I’m still working on Samyang vs Voigtlander vs Sony ultra wide lens comparison and want to make it really good but that takes time and I’ve been busy. There are so many variable to get right with a lens comparison like this and I don’t want to be one of those bloggers that blindly throws up images samples and say one lens is better than another just because it’s sharper on a few images. So I’ll post this now, and continue to add to it as I streamline better lens testing techniques leading into 2016.
There are a lot of things to consider that I still want to test and get right with these lenses which most people don’t do, but it just takes a very solid amount of time which is why I’m building a master studio chart to help me test and review lenses which is why I’ve put this test off for so long. It should all be ready in a month and 2016 will be an awesome year for this blog where I’ll focus primarily on lens reviews.
But in the mean time, here is a quick comparison.
Samyang 14mm vs Voigtlander 15mm vs Sony 16-35mm
There are a lot of things I still want to get into this comparison but I’ll talk about a few.
I’m noticing the Voigtlander and Sony are pretty close to color when leaving the camera in AWB. The Samyang seems to be a bit warmer and when I match white balance the Samyang seems to have a strange green tint to it. But at F8, the Samyang lens almost seems to be a half a stop or so brighter than the other too.
When it comes to sun stars the Voigtlander just looks great with very nice points. Sony and Samyangs sun stars are a little messier.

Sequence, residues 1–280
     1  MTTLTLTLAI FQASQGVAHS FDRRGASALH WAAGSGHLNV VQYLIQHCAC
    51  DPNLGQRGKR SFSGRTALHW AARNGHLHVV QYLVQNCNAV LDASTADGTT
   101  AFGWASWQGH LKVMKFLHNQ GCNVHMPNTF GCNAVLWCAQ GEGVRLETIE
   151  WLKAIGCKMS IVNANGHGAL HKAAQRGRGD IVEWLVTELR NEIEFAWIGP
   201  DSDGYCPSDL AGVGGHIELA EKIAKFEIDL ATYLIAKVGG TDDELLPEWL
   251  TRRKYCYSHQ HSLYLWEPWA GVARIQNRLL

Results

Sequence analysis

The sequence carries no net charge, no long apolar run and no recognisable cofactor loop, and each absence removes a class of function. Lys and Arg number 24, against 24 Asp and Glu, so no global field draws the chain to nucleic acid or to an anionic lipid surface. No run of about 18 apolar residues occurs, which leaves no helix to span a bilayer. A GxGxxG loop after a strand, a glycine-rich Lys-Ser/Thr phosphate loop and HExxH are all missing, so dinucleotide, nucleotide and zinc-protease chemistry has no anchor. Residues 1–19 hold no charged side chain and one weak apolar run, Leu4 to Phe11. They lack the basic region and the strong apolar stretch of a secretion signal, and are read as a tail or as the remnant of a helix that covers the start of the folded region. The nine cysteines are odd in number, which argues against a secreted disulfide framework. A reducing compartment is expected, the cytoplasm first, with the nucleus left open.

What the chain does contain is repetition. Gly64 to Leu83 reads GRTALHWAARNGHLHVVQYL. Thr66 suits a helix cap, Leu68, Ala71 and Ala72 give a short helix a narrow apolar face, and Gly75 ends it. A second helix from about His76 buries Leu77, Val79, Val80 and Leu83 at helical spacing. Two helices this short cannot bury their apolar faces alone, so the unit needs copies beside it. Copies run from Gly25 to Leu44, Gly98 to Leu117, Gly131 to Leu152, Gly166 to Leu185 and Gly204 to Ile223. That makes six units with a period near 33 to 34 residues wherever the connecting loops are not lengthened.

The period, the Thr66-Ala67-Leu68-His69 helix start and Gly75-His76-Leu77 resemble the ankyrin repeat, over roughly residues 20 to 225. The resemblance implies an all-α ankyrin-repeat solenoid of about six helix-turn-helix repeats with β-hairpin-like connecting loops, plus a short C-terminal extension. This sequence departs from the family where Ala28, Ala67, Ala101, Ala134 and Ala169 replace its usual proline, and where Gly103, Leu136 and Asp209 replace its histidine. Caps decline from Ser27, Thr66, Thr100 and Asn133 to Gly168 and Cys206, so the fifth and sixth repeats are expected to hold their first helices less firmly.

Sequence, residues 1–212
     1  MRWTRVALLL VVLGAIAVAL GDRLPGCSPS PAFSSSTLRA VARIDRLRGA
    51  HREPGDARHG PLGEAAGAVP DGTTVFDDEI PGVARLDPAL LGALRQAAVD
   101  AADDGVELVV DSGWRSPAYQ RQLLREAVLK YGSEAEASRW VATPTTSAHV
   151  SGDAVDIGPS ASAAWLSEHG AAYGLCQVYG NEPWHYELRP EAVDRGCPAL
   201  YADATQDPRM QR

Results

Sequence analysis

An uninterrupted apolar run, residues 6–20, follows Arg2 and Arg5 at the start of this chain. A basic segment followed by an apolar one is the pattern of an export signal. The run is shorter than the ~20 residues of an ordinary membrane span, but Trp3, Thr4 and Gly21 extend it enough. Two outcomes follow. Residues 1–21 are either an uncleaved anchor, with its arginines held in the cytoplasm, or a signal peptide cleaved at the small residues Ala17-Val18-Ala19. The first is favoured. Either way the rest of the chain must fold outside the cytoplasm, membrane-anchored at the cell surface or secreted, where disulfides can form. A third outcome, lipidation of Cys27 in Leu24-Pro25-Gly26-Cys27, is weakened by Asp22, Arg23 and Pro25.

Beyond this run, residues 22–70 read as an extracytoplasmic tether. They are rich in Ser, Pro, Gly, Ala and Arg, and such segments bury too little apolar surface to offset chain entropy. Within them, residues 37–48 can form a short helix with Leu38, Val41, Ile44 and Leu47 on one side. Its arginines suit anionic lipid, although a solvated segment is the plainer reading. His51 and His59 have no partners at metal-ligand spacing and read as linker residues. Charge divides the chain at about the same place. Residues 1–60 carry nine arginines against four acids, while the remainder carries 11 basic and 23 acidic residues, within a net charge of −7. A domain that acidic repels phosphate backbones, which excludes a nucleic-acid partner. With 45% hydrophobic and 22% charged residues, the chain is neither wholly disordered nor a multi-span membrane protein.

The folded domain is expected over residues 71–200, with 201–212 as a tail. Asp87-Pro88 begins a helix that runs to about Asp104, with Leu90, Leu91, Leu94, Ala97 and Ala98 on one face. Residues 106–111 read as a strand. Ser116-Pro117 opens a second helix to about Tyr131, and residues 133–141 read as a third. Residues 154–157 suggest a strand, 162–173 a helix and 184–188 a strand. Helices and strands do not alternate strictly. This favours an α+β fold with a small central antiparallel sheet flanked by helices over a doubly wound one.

Lateral Aberrations and Spherochromatism is what we usually talk about when we talk about chromatic aberrations. The purple fringing we get on high contrast areas towards the edges of the frame. Spherochromatism is the type of abarration refering specifically to fringing in the out of focus foreground and background. All these lenses do control it pretty well especially the Samyang and Voigtlander considering they are primes. The Sony looks good, but it’s sometimes hard to tell because I believe they bake some lens corrections into their RAW files to give an illusion of better image quality.
I also want to put together a test for field curvature but I’m still working on a great way of creating this effect that is quantifiable.
In the meantime you can use these sharpness charts to see how the lenses corners edges hold up and how well CA is controlled.
Taken with the Sony A7rII, ISO 100, f8 with auto shutter. The Samyang was at 1/30 the other two taken at 1/15.
WB was also set for AWB.
Click through these and they’ll take you to my photobucket account where you can look at them larger. If you want email me and I can send you source files.
Samyang 14mm F2.8 Sharpness Chart
Sony 16-35mm F4 Sharpness Chart
Voigtlander 15mm Sharpness Chart
Voigtlander 15mm vs Samyang 14mm vs Sony 16-35mm Conclusions
I’ll continue to add to this topic but it looks like if you just judge sharpness the Voigtlander 15mm wins by a lot in terms of corner-to-corner, edge and center sharpness.
However, the Sony lens is also extremely sharp especially at the center, only smearing slightly towards the edges and corners. To be expected for a zoom lens.